Precious metals—particularly silver—and gemstones were usually worked locally and seem rarely to have been exported as raw materials. Wood for building or furniture came from the Caspian regions and from the mountains. Sal ammoniac was traded from Transoxania (Eṣṭaḵrī, p. 313; Ebn Ḥawqal, p. 505; Moqaddasī, p. 326). Petroleum, from the area near Baku or from Mesopotamia, was used mainly for medicinal purposes; its properties as a fuel were not yet known. Finally, snow was an important article of export from Persia. During the winter it was transported in large quantities from the western mountains to Baghdad, where it was stored in underground vaults. During the summer it was used not only for cooling foodstuffs but also for tempering the underground living rooms (sardābs) of the caliph and wealthy residents of the city.
The most important trading partners for Persia were India, China, northern Central Asia, and eastern Europe. From India came cotton clothing and furnishings, silk and hemp, indigo, wheat, barley, millet, and dried peas, in exchange for Turkish and other slaves from the northern countries, weapons, and armor (Ebn Ḥawqal, p. 450, Ḥodūd al-ʿālam, tr. Minorsky, p. 110; cf. Benjamin of Tudela, pp. 62-63). The main imports from China were silk and porcelain. Trade with eastern Europe involved mainly the importation of slaves. Among other so-called “northern wares” obtained from Slavs and Norsemen were falcons for hunting (see bāz), quicksilver, wax and honey, leather goods, and furs of all kinds, for which clothing, cotton, silk, fruit, and nuts were traded (Moqaddasī, p. 325; cf. Ṯaʿālebī, Laṭāʾef, pp. 128-29; cf. Eṣṭaḵrī, p. 221-22; Ebn Rosta, p. 141).
Goods originating in Persia or transported across it were essential to the high standard of living in the caliphate and were also a contributing factor to the high economic and political standing of the Islamic world in relation to other peoples and states. The role of Baghdad as the center of the Islamic world and as mediator among its various parts is clear not only from the eastern and northern trade but also from the activities of merchants who looked west and south. There, and to a lesser extent in other important Islamic trading centers, merchants met and exchanged goods, knowledge, and experience of the known world. The caliphate, rather than China, thus seems best to merit the title Middle Kingdom. Muslim geographers had more comprehensive knowledge than most of their contemporaries in Europe, Africa, India, Indonesia, China, and Central Asia because they were neighbors to them all.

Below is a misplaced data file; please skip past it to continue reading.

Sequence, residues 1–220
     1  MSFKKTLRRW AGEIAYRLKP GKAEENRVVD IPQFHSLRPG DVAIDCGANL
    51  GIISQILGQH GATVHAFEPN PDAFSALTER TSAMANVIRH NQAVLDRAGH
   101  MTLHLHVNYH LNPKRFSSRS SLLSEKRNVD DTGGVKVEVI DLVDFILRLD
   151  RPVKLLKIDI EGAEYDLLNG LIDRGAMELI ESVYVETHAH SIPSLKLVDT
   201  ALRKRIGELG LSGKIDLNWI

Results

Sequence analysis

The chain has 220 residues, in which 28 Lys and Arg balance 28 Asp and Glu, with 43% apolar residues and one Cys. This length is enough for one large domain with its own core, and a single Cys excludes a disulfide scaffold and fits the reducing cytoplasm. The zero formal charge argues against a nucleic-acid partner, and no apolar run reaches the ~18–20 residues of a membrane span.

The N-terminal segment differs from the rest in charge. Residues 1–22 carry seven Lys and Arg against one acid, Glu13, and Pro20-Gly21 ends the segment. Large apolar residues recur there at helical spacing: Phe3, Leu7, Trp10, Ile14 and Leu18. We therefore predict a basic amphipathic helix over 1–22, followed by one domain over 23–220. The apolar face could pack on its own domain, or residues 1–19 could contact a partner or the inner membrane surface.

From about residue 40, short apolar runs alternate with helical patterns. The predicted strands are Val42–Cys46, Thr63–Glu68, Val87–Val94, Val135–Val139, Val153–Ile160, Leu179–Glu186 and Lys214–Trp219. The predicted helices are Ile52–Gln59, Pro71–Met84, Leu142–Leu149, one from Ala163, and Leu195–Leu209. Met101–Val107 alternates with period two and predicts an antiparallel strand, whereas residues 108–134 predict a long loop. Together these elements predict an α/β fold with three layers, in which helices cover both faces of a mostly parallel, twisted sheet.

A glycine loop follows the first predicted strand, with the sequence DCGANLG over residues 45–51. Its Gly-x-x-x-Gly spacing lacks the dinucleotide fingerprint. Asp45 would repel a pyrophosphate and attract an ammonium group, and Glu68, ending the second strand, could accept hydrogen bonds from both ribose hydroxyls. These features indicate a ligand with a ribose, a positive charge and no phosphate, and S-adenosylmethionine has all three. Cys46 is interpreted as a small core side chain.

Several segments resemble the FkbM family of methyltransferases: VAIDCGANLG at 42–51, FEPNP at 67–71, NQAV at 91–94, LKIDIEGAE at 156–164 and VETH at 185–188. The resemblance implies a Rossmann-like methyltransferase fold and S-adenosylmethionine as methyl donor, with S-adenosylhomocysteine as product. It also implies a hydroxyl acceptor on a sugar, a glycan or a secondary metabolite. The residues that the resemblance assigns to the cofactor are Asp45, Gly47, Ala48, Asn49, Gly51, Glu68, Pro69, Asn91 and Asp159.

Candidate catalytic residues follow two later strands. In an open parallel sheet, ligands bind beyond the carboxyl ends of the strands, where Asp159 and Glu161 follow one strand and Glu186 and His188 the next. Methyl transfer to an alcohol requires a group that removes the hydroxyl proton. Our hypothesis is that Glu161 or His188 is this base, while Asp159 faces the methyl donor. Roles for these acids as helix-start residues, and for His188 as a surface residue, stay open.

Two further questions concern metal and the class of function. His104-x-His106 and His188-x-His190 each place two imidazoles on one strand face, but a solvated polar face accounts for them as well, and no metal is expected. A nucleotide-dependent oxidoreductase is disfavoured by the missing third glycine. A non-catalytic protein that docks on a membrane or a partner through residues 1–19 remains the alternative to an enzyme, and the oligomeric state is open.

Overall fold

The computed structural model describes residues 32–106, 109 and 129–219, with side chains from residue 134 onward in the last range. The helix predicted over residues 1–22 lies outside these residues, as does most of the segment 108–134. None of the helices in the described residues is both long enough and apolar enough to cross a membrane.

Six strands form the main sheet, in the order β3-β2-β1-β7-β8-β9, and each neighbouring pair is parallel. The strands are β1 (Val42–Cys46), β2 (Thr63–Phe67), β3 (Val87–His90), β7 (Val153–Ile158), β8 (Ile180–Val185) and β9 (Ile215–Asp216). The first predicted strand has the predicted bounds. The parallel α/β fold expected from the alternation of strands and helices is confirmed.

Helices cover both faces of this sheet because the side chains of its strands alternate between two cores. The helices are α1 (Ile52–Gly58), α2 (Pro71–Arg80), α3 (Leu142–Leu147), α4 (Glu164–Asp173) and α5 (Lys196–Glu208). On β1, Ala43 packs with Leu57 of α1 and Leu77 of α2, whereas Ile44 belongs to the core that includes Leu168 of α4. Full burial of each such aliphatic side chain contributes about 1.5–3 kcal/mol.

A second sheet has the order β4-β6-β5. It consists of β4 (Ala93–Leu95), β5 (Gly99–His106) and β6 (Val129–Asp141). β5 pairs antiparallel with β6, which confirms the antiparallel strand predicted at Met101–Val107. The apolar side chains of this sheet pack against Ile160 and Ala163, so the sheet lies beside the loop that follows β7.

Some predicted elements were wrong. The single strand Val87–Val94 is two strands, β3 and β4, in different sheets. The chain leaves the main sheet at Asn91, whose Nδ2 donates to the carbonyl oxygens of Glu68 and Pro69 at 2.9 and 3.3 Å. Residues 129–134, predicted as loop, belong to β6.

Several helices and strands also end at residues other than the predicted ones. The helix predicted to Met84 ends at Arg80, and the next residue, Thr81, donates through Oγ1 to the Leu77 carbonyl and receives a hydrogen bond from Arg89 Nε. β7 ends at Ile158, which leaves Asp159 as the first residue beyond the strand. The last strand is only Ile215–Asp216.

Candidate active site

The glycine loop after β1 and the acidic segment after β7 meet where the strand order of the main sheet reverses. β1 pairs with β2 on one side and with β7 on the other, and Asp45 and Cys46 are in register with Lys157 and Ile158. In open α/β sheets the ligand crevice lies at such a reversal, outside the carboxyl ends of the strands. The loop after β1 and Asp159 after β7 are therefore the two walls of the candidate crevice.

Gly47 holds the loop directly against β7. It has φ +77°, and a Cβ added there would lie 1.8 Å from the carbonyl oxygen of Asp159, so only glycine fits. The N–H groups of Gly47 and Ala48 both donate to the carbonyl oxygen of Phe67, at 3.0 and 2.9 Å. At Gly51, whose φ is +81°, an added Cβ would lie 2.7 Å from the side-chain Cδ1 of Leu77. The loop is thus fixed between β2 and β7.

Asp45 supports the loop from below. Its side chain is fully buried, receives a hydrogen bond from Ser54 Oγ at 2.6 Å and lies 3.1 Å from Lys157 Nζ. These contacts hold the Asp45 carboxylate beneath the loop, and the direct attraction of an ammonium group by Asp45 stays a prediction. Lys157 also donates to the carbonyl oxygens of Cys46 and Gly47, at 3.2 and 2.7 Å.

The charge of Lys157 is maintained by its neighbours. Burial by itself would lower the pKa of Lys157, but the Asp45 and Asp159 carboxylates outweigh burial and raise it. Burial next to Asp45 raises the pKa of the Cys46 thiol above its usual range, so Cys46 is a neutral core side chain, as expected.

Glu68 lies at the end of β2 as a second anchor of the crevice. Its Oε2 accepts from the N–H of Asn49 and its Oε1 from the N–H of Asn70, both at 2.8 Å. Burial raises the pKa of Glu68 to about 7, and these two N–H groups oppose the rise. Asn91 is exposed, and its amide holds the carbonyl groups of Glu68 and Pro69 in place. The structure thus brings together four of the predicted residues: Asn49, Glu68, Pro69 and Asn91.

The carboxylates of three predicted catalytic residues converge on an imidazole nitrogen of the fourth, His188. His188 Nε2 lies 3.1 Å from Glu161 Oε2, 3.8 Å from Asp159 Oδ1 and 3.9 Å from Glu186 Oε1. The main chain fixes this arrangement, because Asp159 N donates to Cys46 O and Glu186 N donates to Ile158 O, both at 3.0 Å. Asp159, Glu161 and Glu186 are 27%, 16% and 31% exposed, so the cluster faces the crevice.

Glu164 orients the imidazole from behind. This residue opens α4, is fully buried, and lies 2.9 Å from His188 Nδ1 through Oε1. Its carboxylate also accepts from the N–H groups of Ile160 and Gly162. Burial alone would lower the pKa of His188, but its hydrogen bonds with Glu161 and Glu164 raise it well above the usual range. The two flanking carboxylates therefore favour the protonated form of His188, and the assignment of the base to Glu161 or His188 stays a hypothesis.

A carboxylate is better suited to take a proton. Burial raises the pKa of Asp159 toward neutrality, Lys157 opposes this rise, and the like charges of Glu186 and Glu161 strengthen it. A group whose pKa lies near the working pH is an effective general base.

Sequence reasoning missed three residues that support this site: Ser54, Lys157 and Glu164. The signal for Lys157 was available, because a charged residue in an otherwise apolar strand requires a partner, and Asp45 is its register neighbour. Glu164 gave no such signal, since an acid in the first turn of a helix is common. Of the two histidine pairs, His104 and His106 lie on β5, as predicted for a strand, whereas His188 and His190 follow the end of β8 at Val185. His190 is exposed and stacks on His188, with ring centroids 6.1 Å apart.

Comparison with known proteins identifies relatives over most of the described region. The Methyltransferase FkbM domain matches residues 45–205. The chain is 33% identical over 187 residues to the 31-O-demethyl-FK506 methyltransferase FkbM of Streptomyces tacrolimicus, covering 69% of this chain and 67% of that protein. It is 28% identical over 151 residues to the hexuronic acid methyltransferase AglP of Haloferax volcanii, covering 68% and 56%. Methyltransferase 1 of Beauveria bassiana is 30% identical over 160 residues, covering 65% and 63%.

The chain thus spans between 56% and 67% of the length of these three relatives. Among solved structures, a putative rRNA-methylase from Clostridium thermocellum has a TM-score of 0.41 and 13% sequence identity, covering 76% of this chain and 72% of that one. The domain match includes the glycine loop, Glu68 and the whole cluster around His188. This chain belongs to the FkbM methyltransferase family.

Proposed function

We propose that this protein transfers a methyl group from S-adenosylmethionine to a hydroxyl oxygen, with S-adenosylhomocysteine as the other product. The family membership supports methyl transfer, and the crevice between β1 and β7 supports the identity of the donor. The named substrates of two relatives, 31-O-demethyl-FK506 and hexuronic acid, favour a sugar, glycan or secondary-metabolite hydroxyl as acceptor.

The Mongol invasions of the eastern part of the Islamic empire, beginning in about 617/1220, and the advance to Baghdad and Damascus in 656-58/1258-60 rendered many important trading centers useless for many decades. A border was established between the eastern portion of the Islamic world, which came under Mongol control, and the western lands of Syria, Palestine, and Egypt, which remained in the hands of the Mamluks. It functioned as an obstacle to trade, all the more so because of the bitter enmity between the Mamluks and the Il-khanids, exacerbated by relations between Egypt and another major Il-khanid foe, the Golden Horde (Qepčāq) in the Crimea.
The Il-khanid rulers of Persia must soon have developed an interest in reestablishing the economic life of the country, even though their need to pasture large herds of horses may have hampered their efforts. But trade in foodstuffs and consumer goods for daily use was soon set in motion again. After only a few decades the old commercial centers had regained their importance. The exploitation of the traditional trade routes, the mines, and agricultural land was naturally in the interests of the Il-khanids, both as sources of taxation and for military purposes.
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Barthold, Turkestan3, pp. 235-38.
Benjamin of Tudela, The Itinerary of Benjamin of Tudela, ed. and tr. M. N. Adler, New York, 1907.
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A. A. Dūrī, Tārīḵ al-ʿErāq al-eqteṣādī fi’l-qarn al-rābeʿ, Baghdad, 1945.
L. Hambis, “Khānfū,” EI2 IV, p. 1024.
W. Kleiss, “Karawanenwege in Iran,” AMI, N.F. 10, 1977, pp. 301-03.
L. Lockhart, “Hurmuz,” in EI2 III, pp. 584-86.
Mémorial Jean Sauvaget I, Damascus, 1954.
G. C. Miles, “Numismatics,” in Camb. Hist. Iran IV, pp. 364-77.
Nāṣer-e Ḵosrow Qobādīānī, Safar-nāma, ed. N. Wazīnpūr, Tehran, 1350 Š./1972.
G. Rispling, “Islamische Münzen in Schweden,” Der Islam 64/1, 1987, pp. 105-10.
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D. G. Shepherd and W. B. Henning, “Zandanījī Identified?” in Aus der Welt der islamischen Kunst. Festschrift für Ernst Kühnel zum 75. Geburtstag, ed. R. Ettinghausen, Berlin, 1957, pp. 15-40.
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Idem and A. Williamson, “Sasanian Maritime Trade,” Iran 11, 1973, pp. 29-49.
A. T. Wilson, The Persian Gulf, Oxford, 1928.
Originally Published: December 15, 1992
Last Updated: October 27, 2011
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Vol. VI, Fasc. 1, pp. 64-67